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Eric Davis: Donald Trump is no Delmer Berg

Last Thursday, The New York Times posted an op-ed column by Arizona Sen. John McCain titled “Salute to a Communist.” In the column, McCain paid homage to a 100-year-old man from California named Delmer Berg, who died a few weeks ago.
Berg spent almost all of his life in California. In 1937, at the age of 21, he was working as a dishwasher at the Roosevelt Hotel in Hollywood. He saw an advertisement seeking recruits for the Abraham Lincoln Brigade, a group of Americans who fought on the side of the Spanish Republic in the civil war that was then ravaging Spain. As Berg put it, “I was a worker. I was a farmer. I was in support of the Spanish working people, and I wanted to go to Spain to help them.”
After coming up with enough money for his travel, Berg took a bus from Los Angeles to New York, sailed across the Atlantic to France, and managed to cross the Pyrenees from France into Spain. He joined fellow members of the Brigade in the republican lines, fighting near Barcelona, as well as in the battles of Teruel and the Ebro, both of them bloody engagements that resulted in severe losses for the republican side.
After the victory of Franco’s Nationalists in the civil war, Berg returned to California. He enlisted in the U.S. Army shortly after Pearl Harbor. He fought in the southwest Pacific during the New Guinea campaign, and was discharged in 1943 because of the effects of wounds he had suffered while fighting in Spain.
Upon returning to the United States, Berg joined the Communist Party U.S.A., believing that the Soviet Union, then being attacked by Nazi Germany, was supporting the forces of freedom in the European war. Later in life, he served as president of his local chapter of the N.A.A.C.P., supported the efforts of Cesar Chavez to organize migrant farm workers in California, and protested the Johnson and Nixon Administrations’ Vietnam War policies. When Berg died, he was the last surviving member of the Abraham Lincoln Brigade.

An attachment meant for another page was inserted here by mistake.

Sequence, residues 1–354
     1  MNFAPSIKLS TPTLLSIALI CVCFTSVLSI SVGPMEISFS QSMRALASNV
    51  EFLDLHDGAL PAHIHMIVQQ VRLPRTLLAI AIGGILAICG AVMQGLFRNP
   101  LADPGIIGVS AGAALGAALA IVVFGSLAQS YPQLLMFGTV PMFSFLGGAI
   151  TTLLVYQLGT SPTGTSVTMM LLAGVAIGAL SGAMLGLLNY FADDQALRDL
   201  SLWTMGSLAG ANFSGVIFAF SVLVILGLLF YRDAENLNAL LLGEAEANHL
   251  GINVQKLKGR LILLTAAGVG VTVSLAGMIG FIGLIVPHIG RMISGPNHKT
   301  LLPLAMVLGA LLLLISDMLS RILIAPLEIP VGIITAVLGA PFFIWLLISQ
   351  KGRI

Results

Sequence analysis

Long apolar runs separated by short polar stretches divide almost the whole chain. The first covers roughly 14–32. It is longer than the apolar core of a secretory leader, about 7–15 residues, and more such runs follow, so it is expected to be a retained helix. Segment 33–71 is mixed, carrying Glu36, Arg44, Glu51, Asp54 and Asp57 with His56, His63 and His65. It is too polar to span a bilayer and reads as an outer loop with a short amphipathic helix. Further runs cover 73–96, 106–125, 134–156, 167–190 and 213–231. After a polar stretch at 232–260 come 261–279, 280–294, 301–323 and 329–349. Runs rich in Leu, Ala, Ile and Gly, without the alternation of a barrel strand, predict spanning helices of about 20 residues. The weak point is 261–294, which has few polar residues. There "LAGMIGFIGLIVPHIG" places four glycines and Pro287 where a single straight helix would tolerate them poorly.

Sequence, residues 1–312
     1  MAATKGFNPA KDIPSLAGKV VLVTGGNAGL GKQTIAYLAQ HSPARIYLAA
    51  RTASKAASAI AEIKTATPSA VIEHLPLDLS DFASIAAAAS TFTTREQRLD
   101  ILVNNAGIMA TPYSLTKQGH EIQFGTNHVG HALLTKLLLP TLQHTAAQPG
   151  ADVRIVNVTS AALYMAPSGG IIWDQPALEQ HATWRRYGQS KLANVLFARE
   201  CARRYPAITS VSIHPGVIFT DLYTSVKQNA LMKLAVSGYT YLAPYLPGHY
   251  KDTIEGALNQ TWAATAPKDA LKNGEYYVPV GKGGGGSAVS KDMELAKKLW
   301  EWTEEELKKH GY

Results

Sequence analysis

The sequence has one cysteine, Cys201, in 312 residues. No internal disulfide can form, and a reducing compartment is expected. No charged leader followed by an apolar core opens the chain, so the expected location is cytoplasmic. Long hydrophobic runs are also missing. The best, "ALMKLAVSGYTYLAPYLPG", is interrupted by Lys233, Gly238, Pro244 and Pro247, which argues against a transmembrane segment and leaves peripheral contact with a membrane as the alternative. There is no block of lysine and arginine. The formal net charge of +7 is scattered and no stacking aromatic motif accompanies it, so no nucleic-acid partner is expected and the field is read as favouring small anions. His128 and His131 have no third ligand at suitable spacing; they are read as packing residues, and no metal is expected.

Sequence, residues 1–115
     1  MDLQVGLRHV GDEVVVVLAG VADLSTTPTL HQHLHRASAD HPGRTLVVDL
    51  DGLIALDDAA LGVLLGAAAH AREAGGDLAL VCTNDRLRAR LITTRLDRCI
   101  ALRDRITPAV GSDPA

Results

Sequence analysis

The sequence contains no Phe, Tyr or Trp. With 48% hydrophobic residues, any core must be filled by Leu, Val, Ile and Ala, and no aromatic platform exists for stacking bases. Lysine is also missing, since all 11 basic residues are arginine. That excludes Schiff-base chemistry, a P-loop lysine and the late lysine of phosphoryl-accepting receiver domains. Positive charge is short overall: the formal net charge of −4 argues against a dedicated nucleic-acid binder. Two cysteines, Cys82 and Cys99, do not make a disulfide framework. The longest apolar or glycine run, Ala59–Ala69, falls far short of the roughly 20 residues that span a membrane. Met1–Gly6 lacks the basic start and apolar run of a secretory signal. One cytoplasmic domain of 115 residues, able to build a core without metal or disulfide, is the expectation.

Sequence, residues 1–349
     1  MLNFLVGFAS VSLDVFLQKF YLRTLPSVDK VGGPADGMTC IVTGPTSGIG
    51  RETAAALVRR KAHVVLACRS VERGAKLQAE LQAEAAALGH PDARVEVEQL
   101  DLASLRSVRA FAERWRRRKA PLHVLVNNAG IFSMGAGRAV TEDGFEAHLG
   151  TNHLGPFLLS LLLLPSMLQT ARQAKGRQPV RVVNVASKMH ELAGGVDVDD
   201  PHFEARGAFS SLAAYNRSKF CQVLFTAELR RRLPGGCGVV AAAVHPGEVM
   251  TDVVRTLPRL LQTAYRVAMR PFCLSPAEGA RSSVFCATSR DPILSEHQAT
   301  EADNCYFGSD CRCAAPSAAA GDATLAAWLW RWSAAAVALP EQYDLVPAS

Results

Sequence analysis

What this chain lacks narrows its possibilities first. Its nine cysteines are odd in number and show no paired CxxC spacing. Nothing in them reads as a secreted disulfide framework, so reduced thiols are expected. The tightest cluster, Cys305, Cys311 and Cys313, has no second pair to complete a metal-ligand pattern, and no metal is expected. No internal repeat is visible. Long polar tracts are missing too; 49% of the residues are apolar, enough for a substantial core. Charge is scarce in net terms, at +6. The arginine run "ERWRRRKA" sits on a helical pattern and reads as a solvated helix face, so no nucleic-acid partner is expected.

John McCain obviously disagreed with many of Delmer Berg’s political views. But in his column, McCain showed his obvious admiration for Berg, for his commitment to fighting for freedom, his willingness to travel thousands of miles to risk his own life for people he did not know, his commitment to causes larger than himself, and his recognition that there are some causes that unite all of humanity.
As I read McCain’s column, I could not help but thinking of Donald Trump’s remark last summer that McCain was “not a war hero … He is a war hero because he was captured. I like people that weren’t captured, OK?”
Delmer Berg, and John McCain, were much bigger men than Donald Trump ever will be. McCain, as is well known, spent more than five years in a North Vietnamese prisoner of war camp, where he was tortured, and refused an offer of early release after his father was named commander of U.S. forces in the Pacific. That experience has affected McCain for the rest of his life, and makes him understand the choices made, and the accomplishments of, an unsung hero such as Delmer Berg.
Can one imagine Donald Trump ever acting in ways at all comparable to John McCain, and to Delmer Berg? Has the idea that there are some causes larger than one’s own pursuit of riches and power ever crossed Trump’s mind? Does he have the slightest understanding of what heroism, service and self-sacrifice mean? Is there any reason why a man so lacking in decency, integrity and honor should come anywhere near the office of President of the United States?
Eric L. Davis is professor emeritus of political science at Middlebury College.

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